This EverSnug Travel Blanket and Pillow combination offers a comfy microfleece material that can easily be thrown in the wash between flights. It comes in six different colorways — light pink, black, burgundy, gray, navy blue and teal — and is more substantial than the thin blankets often handed out on the plane. Not only will this travel blanket and pillow combo keep you comfortable, but it'll also help you get more sleep on your long-haul flight.
Getting good sleep on a plane is all about setting the scene — and that includes creating blackout conditions for your eyes. “As for the sunlight, it is great for getting over jetlag and adjusting to the local time, but when you’re trying to sleep, it can be a problem,” says Boeing 787 Dreamliner pilot Charlie Page. Consider a blackout eye mask — especially if you’re sensitive to the lighting changes on flights. Creating a perfectly dark environment will help you drift off to sleep, wherever you are.
We love the Mavogel Cotton Sleep Eye Mask — in fact, it won the title as our best overall sleep mask. It features a genius nose wire so that it blocks any and all light that might escape through other eye masks. It’s made of 100% cotton fabric, so it’s extremely soft against the eyes.
As we fall asleep, our sense of hearing is the last sensation to fade out, meaning that a sudden noise from the galley or the crying baby five rows ahead can jolt you awake again. To counter this, a good pair of earplugs is essential, Page says.
“There are all kinds on the market, from the freebies you get on board the aircraft, to ones that you can have custom-fitted to your ear canal, but I use a midrange set from Flare Audio, which have double rubber tips,” says Page. “Not only are they excellent at muting any external noise, they are so comfortable that when rolling over onto my side, they don’t dig into my ear and disturb my sleep.”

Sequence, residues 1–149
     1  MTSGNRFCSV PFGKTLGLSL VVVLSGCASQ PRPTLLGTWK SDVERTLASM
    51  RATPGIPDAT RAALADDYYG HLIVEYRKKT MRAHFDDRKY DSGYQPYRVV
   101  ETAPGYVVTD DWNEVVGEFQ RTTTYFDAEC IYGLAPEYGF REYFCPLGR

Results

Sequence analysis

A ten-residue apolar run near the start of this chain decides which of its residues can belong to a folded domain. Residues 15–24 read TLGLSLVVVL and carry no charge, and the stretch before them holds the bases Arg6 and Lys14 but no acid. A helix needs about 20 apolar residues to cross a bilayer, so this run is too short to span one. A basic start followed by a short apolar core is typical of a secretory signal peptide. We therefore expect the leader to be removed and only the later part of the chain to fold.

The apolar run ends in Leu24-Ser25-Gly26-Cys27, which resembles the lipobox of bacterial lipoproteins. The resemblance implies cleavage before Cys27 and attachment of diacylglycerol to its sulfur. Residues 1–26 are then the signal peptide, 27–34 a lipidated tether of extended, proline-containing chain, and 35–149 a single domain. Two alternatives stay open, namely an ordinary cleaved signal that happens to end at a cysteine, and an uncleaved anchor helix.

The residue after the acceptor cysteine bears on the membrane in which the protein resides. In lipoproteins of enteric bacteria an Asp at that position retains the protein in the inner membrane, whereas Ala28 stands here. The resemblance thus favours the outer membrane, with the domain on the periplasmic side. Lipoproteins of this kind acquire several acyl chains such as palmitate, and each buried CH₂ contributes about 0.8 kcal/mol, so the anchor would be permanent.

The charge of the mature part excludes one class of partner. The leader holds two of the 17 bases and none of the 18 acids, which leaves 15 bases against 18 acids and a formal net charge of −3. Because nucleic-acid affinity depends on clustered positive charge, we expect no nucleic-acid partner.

It's always good to be prepared for the unexpected. “My number one product was my small first aid kit,” says Streich. “My feet were getting hurt all the time because of all the time I spent on my feet — sometimes I’d go almost 12 hours with the same pair of shoes.” And as a passenger, you never know when you might need a bandage or ibuprofen.
That said, you’ll want to ensure any first aid kit you’re packing in your carry-on is TSA-approved. In other words, no sharp items or large bottles of antiseptic — all liquids and gels need to be less than 3.4 ounces. This mini first aid kit fits the bill, though you may need to remove some sharp objects before taking it through airport security. It comes packed with bandages, gauze pads, first-aid tape, antiseptic towelettes and much more.
Always remember to pack good travel snacks in your bag. If you get to the airport and security takes longer than expected, you may not have time to grab something to eat before it’s time to start boarding — especially if lines for food and drink are long. First Officer Nick Motlagh says his snack of choice is a protein bar or meal replacement bar. “They don't take up much space, and they are a simple, healthy way to prevent hunger while on the go,” Motlagh says.
These Rise protein bars are available in seven different flavors — from almond honey to snickerdoodle, chocolate banana, mint chocolate chip and more. All of the flavors have at least 15 grams of protein per bar, and each of the flavors only has five ingredients or less.
It's no secret that airplane air is dry. While some planes are better than others in terms of keeping humidity in the air, you need to drink plenty of water and aid your skin in retaining its moisture. “The air in the airplane can be very dry, and we need to look professional and well-rested, always,” explains Streich. She recommends carrying a moisturizer with you.
We particularly like the Aussie Flyer Face Base by Lanolips. Its rich formula is super moisturizing but won’t make your face look greasy. Plus, at just 60 millimeters, this moisturizer is TSA-approved to be one of your carry-on luggage must-haves.